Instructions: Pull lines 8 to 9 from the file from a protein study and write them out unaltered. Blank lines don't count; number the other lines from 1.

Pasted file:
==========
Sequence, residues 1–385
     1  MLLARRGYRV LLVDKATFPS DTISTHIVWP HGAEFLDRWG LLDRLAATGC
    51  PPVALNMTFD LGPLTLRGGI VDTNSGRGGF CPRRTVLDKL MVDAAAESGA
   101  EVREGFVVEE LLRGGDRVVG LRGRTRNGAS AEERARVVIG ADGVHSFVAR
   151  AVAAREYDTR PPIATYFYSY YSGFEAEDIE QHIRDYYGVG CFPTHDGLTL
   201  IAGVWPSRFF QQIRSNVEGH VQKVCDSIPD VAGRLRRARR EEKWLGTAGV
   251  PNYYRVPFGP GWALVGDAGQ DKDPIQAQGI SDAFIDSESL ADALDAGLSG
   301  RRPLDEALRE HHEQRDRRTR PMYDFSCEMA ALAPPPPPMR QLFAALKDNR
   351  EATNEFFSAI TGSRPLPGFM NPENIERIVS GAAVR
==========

   301  RRPLDEALRE HHEQRDRRTR PMYDFSCEMA ALAPPPPPMR QLFAALKDNR
   351  EATNEFFSAI TGSRPLPGFM NPENIERIVS GAAVR